I see the question from the other side of the equation; if there is a genetic component to having a Y chromosome that makes your potential as an athlete higher than an XX woman even after a full and complete hormonal transition, I think there's cause to ensure that the ciswomen competitors aren't getting left out of their own game.

    This is all speculation and advocacy, by the way. If the science says that a transwoman who has completed transition has no defined chemical, physical, or mental advantage over her ciswoman competitors, then I'm all for it.

  • ShivahnShivahn Unaware of her barrel shifter privilege Eastern coastal temptressRegistered User regular
    Cinders wrote: »
    I feel like this has gotten tangent-y, so let me ground my prior post in LGBT on-topicness: I believe that the only current solution to this question of where transgendered people should compete is to allow them to compete with the gender they currently are. I promise you, no man who identifies as male is going to have an operation so he can "beat up girls" professionally. It won't happen.

    Lot of transfolk aren't going to have SRS either.
    Cinders wrote: »
    I feel like this has gotten tangent-y, so let me ground my prior post in LGBT on-topicness: I believe that the only current solution to this question of where transgendered people should compete is to allow them to compete with the gender they currently are. I promise you, no man who identifies as male is going to have an operation so he can "beat up girls" professionally. It won't happen.

    Lot of transfolk aren't going to have SRS either.

    Honestly, despite the emphasis the media and law put on them, genitals are one of the least interesting and least relevant part of many trans people's lives and transitions.

    AtomikaCinders
  • MortiousMortious The Nightmare Begins Move to New ZealandRegistered User regular
    Phoenix-D wrote: »
    If you stick the trans women in with the men, you'd then have to stick the trans men in with the women. And except for height that'd probably be much, much more unfair.

    Cinders: Then simplify it to "No man is going to transition". It still works, because when you're talking sports, SRS is the part of transition that has the least effect.

    I don't see the problem with transmen competing in the mens league.

    I honestly don't understand the issue here, so if I'm missing something please explain it to me in simpler terms.

    There's a lot of assumptions here that someone who can participate in the highest tiers of MALE sports, will transition and then dominate the highest tiers of FEMALE sports. That's a weird assumption, the profession athletes are already above average due to mostly genetic reasons.

    Michael Jordan was better than his peers because of reasons.

    I don't know how to articulate my point.

    Move to New Zealand
    It’s not a very important country most of the time
    http://steamcommunity.com/id/mortious
  • AtomikaAtomika Brought to you by Technicolor™ Registered User regular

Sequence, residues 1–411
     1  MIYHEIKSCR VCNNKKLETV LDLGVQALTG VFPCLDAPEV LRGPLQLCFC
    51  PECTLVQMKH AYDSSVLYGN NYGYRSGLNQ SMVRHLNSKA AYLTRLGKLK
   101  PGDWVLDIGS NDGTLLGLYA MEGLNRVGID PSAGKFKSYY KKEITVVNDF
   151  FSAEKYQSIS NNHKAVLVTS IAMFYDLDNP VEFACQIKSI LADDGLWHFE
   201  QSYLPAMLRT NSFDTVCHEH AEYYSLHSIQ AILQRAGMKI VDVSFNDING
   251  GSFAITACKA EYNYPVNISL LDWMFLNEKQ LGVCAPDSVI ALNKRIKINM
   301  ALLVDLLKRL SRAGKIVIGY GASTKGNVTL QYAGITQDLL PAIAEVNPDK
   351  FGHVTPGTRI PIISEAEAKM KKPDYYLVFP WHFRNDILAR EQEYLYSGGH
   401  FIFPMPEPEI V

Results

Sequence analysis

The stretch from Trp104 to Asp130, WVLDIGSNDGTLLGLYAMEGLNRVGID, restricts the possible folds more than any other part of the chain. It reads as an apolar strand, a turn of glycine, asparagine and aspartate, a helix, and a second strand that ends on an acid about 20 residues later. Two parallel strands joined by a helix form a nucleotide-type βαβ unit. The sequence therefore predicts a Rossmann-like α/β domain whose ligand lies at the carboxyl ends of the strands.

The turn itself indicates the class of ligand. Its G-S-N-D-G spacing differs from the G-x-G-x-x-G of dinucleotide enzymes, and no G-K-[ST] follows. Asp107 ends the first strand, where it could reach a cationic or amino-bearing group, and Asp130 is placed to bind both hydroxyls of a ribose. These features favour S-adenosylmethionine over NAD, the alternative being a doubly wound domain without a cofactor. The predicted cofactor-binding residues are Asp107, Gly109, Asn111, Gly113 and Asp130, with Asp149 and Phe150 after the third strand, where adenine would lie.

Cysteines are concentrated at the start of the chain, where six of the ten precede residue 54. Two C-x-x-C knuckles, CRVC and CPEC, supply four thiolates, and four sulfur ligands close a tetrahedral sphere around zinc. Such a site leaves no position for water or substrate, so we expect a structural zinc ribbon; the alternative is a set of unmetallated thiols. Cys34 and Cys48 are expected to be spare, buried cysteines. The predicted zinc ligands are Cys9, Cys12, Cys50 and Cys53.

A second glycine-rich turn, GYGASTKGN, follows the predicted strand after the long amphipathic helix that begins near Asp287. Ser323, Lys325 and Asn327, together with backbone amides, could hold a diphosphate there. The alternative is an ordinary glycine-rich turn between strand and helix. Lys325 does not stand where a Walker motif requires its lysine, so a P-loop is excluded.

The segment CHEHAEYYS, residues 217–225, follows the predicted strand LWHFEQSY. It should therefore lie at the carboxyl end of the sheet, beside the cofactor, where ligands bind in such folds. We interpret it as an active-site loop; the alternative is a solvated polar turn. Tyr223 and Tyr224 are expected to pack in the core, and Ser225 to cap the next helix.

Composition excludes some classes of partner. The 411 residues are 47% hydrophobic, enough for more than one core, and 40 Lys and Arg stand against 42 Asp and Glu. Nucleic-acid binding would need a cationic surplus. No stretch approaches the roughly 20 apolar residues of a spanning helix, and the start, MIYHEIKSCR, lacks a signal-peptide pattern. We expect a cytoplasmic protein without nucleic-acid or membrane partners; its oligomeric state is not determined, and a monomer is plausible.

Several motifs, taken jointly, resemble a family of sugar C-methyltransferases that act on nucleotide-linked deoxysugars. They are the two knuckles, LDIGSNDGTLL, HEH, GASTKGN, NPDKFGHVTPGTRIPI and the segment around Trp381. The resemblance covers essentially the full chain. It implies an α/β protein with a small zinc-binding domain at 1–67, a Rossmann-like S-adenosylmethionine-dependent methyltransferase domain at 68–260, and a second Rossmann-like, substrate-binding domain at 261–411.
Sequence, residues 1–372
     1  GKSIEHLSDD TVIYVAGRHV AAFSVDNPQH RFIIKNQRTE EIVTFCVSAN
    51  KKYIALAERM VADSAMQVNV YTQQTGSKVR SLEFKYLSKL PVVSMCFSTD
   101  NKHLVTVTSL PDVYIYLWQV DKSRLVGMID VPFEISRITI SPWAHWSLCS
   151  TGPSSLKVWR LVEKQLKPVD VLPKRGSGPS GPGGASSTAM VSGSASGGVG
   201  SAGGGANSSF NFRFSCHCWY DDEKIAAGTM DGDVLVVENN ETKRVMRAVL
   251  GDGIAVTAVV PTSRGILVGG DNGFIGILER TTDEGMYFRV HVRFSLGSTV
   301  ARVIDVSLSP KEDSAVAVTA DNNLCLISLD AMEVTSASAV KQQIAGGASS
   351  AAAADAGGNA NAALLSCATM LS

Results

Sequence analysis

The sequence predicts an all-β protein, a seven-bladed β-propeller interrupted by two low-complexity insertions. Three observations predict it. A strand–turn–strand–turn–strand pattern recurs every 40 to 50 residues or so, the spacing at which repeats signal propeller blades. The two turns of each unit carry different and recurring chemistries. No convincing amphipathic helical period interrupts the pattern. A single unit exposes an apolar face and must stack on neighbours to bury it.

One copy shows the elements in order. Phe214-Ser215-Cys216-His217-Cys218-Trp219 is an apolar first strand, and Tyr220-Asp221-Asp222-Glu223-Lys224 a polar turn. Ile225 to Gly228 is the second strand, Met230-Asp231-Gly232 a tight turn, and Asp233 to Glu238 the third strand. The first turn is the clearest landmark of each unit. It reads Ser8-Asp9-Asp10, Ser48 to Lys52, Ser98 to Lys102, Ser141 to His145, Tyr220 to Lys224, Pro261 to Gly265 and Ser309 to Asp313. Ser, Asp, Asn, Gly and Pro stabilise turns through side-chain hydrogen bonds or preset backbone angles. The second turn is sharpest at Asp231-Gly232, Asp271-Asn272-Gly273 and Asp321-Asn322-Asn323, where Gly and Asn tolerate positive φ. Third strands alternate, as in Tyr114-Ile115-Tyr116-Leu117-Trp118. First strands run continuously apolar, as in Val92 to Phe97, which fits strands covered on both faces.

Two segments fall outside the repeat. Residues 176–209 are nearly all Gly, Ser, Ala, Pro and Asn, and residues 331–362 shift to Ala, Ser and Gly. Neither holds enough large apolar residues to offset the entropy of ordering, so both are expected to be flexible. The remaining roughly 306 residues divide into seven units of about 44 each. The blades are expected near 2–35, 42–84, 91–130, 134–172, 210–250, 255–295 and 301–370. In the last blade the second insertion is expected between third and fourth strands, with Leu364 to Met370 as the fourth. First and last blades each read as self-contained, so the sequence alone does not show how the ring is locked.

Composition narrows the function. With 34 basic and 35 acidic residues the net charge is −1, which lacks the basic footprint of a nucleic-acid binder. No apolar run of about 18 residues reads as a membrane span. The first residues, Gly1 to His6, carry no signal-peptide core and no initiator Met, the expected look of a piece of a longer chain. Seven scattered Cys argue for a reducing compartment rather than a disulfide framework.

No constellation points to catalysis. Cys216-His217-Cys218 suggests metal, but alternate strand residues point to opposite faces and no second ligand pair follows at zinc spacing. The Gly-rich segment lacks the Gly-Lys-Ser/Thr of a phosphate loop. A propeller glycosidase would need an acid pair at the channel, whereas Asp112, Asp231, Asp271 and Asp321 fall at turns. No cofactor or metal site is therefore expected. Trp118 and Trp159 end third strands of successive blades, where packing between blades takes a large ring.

Mortious wrote: »
    Besides, using those stats, you're assuming that the tgirl would be the average for NBA players, (and not the population at large), and is a professional basketball player.

    That's a minority of a minority of a minority.

    Hormonal transition doesn't affect things like height unless you start before or immediately during puberty, which the large majority of transpeople do not.

    If there is a market for women's sports that tolerates the inclusion of transwomen, history has shown that all sports trend toward recruiting the most physically able specimens. In many sports, being a transwoman probably isn't going give anyone a substantial advantage. But in sports where height is a major factor in athleticism? It's definitely going to be a factor. And that accounts for most of the high-profile women's sports: basketball, volleyball, and softball. It's also going to correlate with longer reaches for boxing and martial arts.


    I'm just saying: it's not a cut-and-dried issue.

  • Clown ShoesClown Shoes Give me hay or give me death. Registered User regular
    Shivahn wrote: »
    Cinders wrote: »
    I feel like this has gotten tangent-y, so let me ground my prior post in LGBT on-topicness: I believe that the only current solution to this question of where transgendered people should compete is to allow them to compete with the gender they currently are. I promise you, no man who identifies as male is going to have an operation so he can "beat up girls" professionally. It won't happen.

    Lot of transfolk aren't going to have SRS either.
    Cinders wrote: »
    I feel like this has gotten tangent-y, so let me ground my prior post in LGBT on-topicness: I believe that the only current solution to this question of where transgendered people should compete is to allow them to compete with the gender they currently are. I promise you, no man who identifies as male is going to have an operation so he can "beat up girls" professionally. It won't happen.